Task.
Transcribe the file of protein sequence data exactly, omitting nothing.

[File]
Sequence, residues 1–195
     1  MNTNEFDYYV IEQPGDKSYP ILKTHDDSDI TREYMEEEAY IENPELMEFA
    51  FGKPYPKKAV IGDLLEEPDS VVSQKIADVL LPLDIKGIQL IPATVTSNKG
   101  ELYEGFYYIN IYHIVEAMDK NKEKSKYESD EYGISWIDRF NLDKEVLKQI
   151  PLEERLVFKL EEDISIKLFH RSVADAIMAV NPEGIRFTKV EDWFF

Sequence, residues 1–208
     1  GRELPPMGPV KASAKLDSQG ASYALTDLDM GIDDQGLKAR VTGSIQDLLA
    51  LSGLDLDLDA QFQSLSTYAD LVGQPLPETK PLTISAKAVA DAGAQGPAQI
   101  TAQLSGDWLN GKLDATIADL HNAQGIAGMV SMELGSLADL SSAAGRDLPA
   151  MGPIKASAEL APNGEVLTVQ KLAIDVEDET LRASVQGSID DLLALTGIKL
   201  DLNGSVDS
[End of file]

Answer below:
Sequence, residues 1–195
     1  MNTNEFDYYV IEQPGDKSYP ILKTHDDSDI TREYMEEEAY IENPELMEFA
    51  FGKPYPKKAV IGDLLEEPDS VVSQKIADVL LPLDIKGIQL IPATVTSNKG
   101  ELYEGFYYIN IYHIVEAMDK NKEKSKYESD EYGISWIDRF NLDKEVLKQI
   151  PLEERLVFKL EEDISIKLFH RSVADAIMAV NPEGIRFTKV EDWFF

Sequence, residues 1–208
     1  GRELPPMGPV KASAKLDSQG ASYALTDLDM GIDDQGLKAR VTGSIQDLLA
    51  LSGLDLDLDA QFQSLSTYAD LVGQPLPETK PLTISAKAVA DAGAQGPAQI
   101  TAQLSGDWLN GKLDATIADL HNAQGIAGMV SMELGSLADL SSAAGRDLPA
   151  MGPIKASAEL APNGEVLTVQ KLAIDVEDET LRASVQGSID DLLALTGIKL
   201  DLNGSVDS